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I am having trouble making a regression tree in R. I have a data frame with 17 attributes

library(rpart)
rt.model <- rpart(razlika ~ ., learn)

I get an error:

Error in `[.data.frame`(frame, predictors) : undefined columns selected

Seems weird because I did something like that with a very simillar database. You can dowload the dataframe on http://uploading.com/files/de8a966d/exa.Rda/ - then load with

load("exa.Rda")
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up vote 11 down vote accepted

The problem is not, I believe, that you have a matrix rather than a data frame. When I download and then load you data set, I get a data frame, not a matrix.

The problem is that you have bad characters in the column names. Use gsub to remove the characters "-", " ", "(" and ")" from the column names. Or you can simply redefine the column names yourself entirely using colnames.

Or do as ulvund does and simply call data.frame, which forces R to do the column name cleaning for you, by default.

When I do this, rpart runs just fine.

share|improve this answer
    
make.names from the base library can also be used to make syntactically valid names out of character vectors. – Alex Dec 7 '11 at 14:42

Turn your learn matrix into a data frame.

Example:

load("exa.Rda")
library(rpart)
learn <- data.frame(learn)
rt.model <- rpart(razlika ~ ., learn)
rt.model

yields:

n= 226 

node), split, n, deviance, yval
      * denotes terminal node

  1) root 226 31417.5100   3.3849560  
    2) B.reb>=40.80799 117 12661.2300   0.4871795  
      4) B.ft>=0.7666193 31  2685.4190  -5.7741940  
        8) A.fg2< 0.4645683 22  1846.7730  -8.3181820  
         16) A.ft< 0.7464692 7   365.4286 -14.2857100 *
         17) A.ft>=0.7464692 15  1115.7330  -5.5333330 *
        9) A.fg2>=0.4645683 9   348.2222   0.4444444 *
      5) B.ft< 0.7666193 86  8322.3720   2.7441860  
       10) B.avg.conceded.< 98.19592 76  7255.6320   1.7105260  
         20) A.reb< 39.29941 19  1520.6320  -3.5789470 *
         21) A.reb>=39.29941 57  5026.2110   3.4736840  
           42) A.3pt< 0.3945418 35  2500.1710   0.7714286  
             84) A.ft< 0.7460665 17  1270.2350  -2.4705880 *
             85) A.ft>=0.7460665 18   882.5000   3.8333330 *
           43) A.3pt>=0.3945418 22  1863.8640   7.7727270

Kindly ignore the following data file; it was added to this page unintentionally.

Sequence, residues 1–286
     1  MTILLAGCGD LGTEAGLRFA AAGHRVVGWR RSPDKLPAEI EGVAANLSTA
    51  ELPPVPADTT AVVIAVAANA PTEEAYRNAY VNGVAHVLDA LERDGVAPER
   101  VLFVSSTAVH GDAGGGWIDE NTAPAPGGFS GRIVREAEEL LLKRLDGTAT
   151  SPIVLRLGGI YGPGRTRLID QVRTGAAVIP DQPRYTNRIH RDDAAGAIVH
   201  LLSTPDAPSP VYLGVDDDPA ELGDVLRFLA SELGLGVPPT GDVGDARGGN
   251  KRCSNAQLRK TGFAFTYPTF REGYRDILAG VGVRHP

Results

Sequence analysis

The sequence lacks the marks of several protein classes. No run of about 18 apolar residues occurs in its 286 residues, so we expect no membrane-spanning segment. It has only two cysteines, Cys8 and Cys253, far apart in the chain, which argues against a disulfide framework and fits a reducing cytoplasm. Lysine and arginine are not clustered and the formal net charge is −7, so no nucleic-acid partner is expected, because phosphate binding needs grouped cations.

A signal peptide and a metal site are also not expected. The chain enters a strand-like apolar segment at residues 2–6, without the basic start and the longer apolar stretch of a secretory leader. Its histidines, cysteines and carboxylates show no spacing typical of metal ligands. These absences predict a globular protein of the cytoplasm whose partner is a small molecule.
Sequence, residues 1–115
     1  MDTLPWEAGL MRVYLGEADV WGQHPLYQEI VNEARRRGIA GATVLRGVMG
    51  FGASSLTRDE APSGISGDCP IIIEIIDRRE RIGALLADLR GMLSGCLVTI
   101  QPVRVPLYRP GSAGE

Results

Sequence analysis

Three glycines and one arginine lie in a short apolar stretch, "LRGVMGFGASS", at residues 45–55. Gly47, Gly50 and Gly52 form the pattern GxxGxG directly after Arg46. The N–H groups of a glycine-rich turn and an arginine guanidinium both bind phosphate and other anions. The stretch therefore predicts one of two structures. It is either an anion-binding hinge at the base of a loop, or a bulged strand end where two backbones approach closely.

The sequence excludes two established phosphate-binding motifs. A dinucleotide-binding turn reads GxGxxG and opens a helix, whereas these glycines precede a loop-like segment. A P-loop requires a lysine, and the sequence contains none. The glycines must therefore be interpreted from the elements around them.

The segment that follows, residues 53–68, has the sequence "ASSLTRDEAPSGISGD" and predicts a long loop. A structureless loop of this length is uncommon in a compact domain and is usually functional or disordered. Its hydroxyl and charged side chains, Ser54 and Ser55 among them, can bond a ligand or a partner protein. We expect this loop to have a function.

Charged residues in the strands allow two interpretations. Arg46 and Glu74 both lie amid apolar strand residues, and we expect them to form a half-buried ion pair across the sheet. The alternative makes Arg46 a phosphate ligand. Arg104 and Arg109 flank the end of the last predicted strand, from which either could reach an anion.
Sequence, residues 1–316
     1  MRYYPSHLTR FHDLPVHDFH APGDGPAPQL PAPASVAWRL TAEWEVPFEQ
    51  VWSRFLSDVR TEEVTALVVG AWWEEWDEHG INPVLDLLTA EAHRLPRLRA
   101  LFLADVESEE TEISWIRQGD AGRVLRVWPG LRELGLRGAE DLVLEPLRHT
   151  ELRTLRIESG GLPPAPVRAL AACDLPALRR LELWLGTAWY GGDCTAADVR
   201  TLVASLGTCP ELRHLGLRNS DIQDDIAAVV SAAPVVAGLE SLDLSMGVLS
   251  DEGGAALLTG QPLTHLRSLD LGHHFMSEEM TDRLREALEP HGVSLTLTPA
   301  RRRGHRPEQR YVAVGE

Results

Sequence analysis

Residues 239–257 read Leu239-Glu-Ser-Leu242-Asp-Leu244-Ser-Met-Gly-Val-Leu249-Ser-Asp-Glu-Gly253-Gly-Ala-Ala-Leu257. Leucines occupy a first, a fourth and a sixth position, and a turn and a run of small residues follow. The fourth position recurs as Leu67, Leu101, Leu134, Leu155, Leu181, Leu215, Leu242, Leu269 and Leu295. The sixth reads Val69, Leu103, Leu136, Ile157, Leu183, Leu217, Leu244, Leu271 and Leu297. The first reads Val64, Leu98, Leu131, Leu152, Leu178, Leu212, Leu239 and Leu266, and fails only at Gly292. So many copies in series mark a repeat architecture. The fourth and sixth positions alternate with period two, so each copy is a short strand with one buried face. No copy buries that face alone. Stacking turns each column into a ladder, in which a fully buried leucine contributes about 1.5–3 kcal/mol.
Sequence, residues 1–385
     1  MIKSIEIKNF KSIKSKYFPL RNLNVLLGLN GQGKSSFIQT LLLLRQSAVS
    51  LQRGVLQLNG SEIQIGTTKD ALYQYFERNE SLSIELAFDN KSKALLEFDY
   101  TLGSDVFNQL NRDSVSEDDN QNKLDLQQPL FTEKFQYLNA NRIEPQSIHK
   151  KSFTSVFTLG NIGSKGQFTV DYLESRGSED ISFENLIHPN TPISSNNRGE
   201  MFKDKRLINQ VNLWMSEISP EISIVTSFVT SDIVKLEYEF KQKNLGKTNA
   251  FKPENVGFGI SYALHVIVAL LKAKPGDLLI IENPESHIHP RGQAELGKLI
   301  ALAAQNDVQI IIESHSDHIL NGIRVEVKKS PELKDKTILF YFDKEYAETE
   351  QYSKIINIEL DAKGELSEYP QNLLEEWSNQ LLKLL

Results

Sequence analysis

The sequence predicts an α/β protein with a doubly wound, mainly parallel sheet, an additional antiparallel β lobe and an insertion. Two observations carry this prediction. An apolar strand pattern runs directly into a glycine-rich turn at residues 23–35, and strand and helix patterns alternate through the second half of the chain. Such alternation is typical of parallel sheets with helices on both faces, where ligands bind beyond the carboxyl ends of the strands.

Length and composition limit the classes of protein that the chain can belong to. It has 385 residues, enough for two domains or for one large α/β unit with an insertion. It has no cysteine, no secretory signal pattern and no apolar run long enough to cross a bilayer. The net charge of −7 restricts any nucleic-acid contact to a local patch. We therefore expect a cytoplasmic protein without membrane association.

86) B.ft>=0.7214165 13   718.9231   4.0769230 *
             87) B.ft< 0.7214165 9   710.8889  13.1111100 *
       11) B.avg.conceded.>=98.19592 10   368.4000  10.6000000 *
    3) B.reb< 40.80799 109 16719.2500   6.4954130  
      6) A.fouls>=24.51786 23  2349.9130  -2.2173910  
       12) A.fg2< 0.4551468 16  1266.0000  -5.5000000 *
       13) A.fg2>=0.4551468 7   517.4286   5.2857140 *
      7) A.fouls< 24.51786 86 12156.3800   8.8255810  
       14) B.fouls< 22.80863 24  3271.9580   2.5416670  
         28) A.3pt< 0.3738479 9   626.0000  -6.0000000 *
         29) A.3pt>=0.3738479 15  1595.3330   7.6666670 *
       15) B.fouls>=22.80863 62  7569.8710  11.2580600  
         30) A.fouls< 22.32999 18  1650.5000   5.5000000 *
         31) A.fouls>=22.32999 44  5078.4320  13.6136400  
           62) A.ft.drawn>=29.18849 7   208.8571   3.8571430 *
           63) A.ft.drawn< 29.18849 37  4077.1890  15.4594600  
            126) A.fg2< 0.4588535 18  1696.5000  11.5000000 *
            127) A.fg2>=0.4588535 19  1831.1580  19.2105300 *
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1  
The reason this works is not because learn was a data frame, but because the columns had some ugly characters in the column names. Calling data.frame forces R to clean up the column names by default. If you look, you'll see that the original data frame did not have all those "."'s in the column names. – joran Dec 5 '11 at 18:36

This can also happen if column names are integers (1:N), even though they are stored as characters.

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